Reviving Emily
Project DEEP Book 1
By Becca Jameson
Genre: Military SciFi Romance


It’s been ten years... For Ryan it’s been the longest ten years of his life. For Emily it’s been days. He spent those ten years developing a cure for the virus she contracted. She spent those ten years in a cryostat, her life suspended. She’s not the only one to be reanimated, but she is the first. The media is surrounding the compound. The religious zealots are picketing. But people have lives to live, and somehow they have to move forward. Ryan still has work to do. People to revive. A disease to cure. Emily has a blank slate. She can go anywhere. Do anything. She can’t stay in the bunker. It casts a pall over everyone. Now is not the time for distractions. Now is not the time to fall in love.  

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Ryan stared at his patient without moving. He’d done so a lot lately. Nearly every waking hour. He couldn’t bring himself to leave her side. He told himself it was because she was the most interesting research subject of his career, but he knew he was partially lying. She was stunning. Even in a hospital bed with no real shower for ten years, limp hair, and pale features, she was gorgeous. Her smile lit up a room. It was irrational for him to be attracted to her, but if he were honest, he’d already held a torch for her from years of studying her research notes. He understood how her brain worked—so much like his it had always sparked an interest. Seeing her… It was like meeting someone he’d known online for years. He probably needed more sleep. And perhaps he should have taken more time to date in the last decade. It had never seemed as important as his research, however. His parents were preserved in this bunker. He never once felt like he had the right to be out partying and enjoying himself while they were stuck in the underground facility, waiting for a cure. He still didn’t have that luxury. His focus needed to be on his parents, reanimating them, and bringing them back to health. A woman had never distracted him from this task before. Why now? He kept telling himself his attraction had less to do with Emily herself and more to do with the fact that he hadn’t dated in a long time, she was stunning, her brain was amazing, and he was so fascinated by her case. Several factors could explain why he was so drawn to her. Combined, they made perfect sense. If he managed to bring his parents back to life, they would reprimand him for not living life, but it couldn’t be helped. The few times in college he’d allowed someone to lure him out to a bar or a party had left him feeling restless, guilt climbing up his spine. So, no. He had not lived life as his parents had instructed. He had dedicated himself to finding a cure and gathering other scientists to help him. The task had been monumental. For one thing, there had been a constant need to acquire funding. Luckily, the government had made a particular arrangement with every member of the original team to pay out what essentially amounted to death benefits to their families. The benefits would be paid for as long as the twenty-two people were in a state of suspension. The benefits would end when and if the people were able to return to their regular lives, or, in the event of their deaths, the benefits would switch to a lump sum to be paid out to the families. For Ryan, the money was enough to live off of. It covered his tuition, and it provided him with the means to begin researching on his own after graduating at the top of his class in med school. Luckily, he always had his grandmother to fall back on. She still lived in his childhood home. The two of them were close, and Ryan always knew he had somewhere to get away and someone who cared about him. For the first year after residency, he’d worked alone, often from the small bedroom in his childhood home. He spent half his time with his head buried in research and the other half pleading with the government to reopen the study and fund him. Eventually, they had acquiesced, giving him three people for the first six months and then gradually increasing his team until they numbered a dozen in total. He had no illusion that the reason the government let him form a team initially had nothing to do with the twenty-two suspended souls. The reason they’d permitted him to continue the research where his parents had left off was because a cure still needed to be developed before AP12 took hundreds of thousands of lives. It wasn’t simply the disease that needed to be cured, though. He simultaneously needed cryonicists working on a way to reanimate the team. The cure itself would be useless to the team if there was no way to bring the preserved people back to life. When Ryan discovered Dr. Damon Bardsley working in a research facility in the fields of cryobiology and cryonics, he’d approached him and brought him on board. The two of them were the only two people on the team who weren’t military. The only two civilians who had any knowledge of the project and its possibilities. The other ten members were all military, as were all twenty-two of the people who had been preserved. A soft sigh jerked his attention back to the woman lying on the bed as she blinked her eyes open and then smiled. “Is it real? Or am I having a dream? I keep waking up to find you leaning over me. If I’m dead, this is certainly what I would have wanted heaven to be like.” He blinked, speechless. What had she implied? Her smile broadened. “You heard me. You’re not hard on the eyes.” He chuckled, but he did it while brushing a lock of hair from her face and then continuing to stroke her cheek with his thumb. He was drawn to her like a magnet, unable to stop himself from touching her. “Well, Emily Zorich, if we’re having a confessional, you’re not hard on the eyes either.” Some alien being had possessed his body. Since when did he flirt with women? She rolled those eyes at his statement. “I haven’t seen a mirror yet, but I also haven’t had a shower in ten years. Nor have I had a comb or makeup or a toothbrush or a manicure.” He glanced toward her hand, lifted it, and held it in front of his face. “Did you get a lot of manicures back then?” She giggled, the sweetest sound. “I’ve never actually had one. It just sounded like something I should list.” She narrowed her gaze. “Did I know you? It doesn’t seem possible. Obviously you weren’t working here ten years ago. You can’t be more than about twenty-five. And I so rarely left the bunker. You must just look familiar.” He gave her hand a squeeze. “I’m thirty, technically a year older than you. I don’t remember meeting you, but it’s possible you saw me or even interacted with me at some point when I was in my teens. My parents are Tushar Anand and Trish Wolbach-Anand.”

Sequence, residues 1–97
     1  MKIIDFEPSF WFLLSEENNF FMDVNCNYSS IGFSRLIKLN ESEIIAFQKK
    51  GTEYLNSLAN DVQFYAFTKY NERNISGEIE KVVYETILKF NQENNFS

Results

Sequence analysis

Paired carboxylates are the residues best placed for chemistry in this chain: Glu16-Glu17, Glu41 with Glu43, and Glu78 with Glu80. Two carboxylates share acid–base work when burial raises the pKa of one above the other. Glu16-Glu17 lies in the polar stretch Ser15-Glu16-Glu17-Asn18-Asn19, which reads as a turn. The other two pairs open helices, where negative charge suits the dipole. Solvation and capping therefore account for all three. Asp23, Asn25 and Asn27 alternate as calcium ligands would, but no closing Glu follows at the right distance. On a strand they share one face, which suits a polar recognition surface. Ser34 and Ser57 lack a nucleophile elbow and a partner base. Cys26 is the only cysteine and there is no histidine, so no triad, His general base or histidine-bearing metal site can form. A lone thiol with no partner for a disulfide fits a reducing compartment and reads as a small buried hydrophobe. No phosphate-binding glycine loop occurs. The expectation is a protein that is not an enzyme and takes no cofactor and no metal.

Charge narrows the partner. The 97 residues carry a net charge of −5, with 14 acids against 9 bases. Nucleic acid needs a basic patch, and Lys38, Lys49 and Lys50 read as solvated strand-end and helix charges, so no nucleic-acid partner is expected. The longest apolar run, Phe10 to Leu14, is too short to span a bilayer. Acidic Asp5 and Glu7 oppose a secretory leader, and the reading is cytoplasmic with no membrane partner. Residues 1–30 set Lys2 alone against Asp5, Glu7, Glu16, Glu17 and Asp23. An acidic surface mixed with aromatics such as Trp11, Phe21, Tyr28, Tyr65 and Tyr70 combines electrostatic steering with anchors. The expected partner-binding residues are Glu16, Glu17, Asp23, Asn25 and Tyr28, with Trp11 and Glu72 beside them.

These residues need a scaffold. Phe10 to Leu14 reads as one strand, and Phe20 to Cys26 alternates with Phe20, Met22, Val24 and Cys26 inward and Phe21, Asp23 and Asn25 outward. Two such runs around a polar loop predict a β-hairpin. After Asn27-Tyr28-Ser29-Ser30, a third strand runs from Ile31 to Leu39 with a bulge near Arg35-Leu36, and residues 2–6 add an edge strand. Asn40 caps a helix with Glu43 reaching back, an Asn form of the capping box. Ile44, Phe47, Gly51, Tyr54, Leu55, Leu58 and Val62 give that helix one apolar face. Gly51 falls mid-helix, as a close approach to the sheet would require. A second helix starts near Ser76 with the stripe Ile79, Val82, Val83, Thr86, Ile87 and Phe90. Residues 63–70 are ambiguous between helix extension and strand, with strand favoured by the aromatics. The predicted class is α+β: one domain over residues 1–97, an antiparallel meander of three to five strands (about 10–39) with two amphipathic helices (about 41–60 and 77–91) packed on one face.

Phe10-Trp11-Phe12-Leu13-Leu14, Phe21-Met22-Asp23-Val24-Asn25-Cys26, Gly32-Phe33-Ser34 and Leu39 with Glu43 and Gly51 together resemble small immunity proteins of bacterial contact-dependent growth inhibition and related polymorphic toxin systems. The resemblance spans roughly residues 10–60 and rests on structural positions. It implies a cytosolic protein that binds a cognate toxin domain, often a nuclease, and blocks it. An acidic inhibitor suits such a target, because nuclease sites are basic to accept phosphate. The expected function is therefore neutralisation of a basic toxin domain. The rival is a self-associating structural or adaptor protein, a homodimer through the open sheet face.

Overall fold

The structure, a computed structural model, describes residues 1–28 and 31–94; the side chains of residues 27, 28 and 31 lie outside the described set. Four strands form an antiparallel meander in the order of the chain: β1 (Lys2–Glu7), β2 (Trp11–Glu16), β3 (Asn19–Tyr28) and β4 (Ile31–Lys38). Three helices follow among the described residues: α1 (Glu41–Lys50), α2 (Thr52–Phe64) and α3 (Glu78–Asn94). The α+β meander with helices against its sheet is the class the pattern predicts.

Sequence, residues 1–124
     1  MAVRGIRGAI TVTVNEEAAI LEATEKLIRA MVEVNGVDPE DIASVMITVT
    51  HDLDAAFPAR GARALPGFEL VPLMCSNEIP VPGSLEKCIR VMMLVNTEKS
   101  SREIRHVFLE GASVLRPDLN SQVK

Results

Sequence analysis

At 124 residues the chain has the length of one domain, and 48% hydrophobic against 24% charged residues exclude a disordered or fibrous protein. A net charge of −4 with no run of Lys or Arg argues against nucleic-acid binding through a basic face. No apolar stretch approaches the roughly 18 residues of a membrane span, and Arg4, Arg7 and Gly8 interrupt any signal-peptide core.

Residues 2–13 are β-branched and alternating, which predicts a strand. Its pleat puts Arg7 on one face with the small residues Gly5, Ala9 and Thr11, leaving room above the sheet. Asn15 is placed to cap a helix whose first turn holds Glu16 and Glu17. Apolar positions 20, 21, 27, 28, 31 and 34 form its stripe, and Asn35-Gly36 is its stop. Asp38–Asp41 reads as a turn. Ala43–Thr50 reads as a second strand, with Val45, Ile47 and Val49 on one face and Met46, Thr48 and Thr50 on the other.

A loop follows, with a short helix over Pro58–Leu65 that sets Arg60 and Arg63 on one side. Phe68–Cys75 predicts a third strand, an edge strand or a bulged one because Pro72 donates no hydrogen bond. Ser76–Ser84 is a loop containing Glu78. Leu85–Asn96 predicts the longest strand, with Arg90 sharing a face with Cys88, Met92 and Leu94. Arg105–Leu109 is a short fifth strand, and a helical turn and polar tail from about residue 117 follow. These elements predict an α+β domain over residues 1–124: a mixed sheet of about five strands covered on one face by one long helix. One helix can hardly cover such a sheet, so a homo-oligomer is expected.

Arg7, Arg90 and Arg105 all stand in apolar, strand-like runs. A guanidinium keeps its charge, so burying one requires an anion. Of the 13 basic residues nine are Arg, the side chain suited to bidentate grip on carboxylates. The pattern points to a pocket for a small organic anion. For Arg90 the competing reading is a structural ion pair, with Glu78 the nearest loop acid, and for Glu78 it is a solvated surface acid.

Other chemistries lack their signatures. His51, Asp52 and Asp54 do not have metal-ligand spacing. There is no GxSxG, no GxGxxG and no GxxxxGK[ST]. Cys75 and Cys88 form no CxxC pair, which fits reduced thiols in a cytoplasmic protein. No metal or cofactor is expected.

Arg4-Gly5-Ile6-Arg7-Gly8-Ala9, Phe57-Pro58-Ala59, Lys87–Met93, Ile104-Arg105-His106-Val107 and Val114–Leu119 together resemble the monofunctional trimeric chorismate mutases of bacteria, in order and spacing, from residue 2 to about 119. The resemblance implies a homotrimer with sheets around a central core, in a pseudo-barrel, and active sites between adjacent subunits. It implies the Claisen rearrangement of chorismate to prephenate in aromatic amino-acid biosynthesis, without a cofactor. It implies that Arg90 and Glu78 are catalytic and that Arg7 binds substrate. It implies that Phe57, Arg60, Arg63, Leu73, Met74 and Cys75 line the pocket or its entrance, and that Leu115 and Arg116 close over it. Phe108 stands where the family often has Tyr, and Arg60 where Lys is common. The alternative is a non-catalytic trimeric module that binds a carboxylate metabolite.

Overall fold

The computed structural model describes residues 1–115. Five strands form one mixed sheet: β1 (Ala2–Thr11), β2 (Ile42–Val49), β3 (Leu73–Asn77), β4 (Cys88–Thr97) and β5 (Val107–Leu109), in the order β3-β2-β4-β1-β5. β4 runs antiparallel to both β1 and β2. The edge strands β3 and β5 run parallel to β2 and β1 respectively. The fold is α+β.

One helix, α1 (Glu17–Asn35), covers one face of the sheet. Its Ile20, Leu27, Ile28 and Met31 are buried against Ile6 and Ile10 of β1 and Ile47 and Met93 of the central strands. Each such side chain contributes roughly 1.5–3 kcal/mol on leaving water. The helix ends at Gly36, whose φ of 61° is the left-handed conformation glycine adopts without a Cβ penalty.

Author Bio

Becca Jameson is a USA Today bestselling author of over 60 books. She is most well-known for her Wolf Masters series and her Fight Club series. She currently lives in Atlanta, Georgia, with her husband, two grown kids, and the various pets that wander through. She is loving this journey and has dabbled in a variety of genres, including paranormal, sports romance, military, and BDSM. A total night owl, Becca writes late at night, sequestering herself in her office with a glass of red wine and a bar of dark chocolate, her fingers flying across the keyboard as her characters weave their own stories. During the day--which never starts before ten in the morning!--she can be found jogging, floating in the pool, or reading in her favorite hammock chair! ...where Alphas dominate...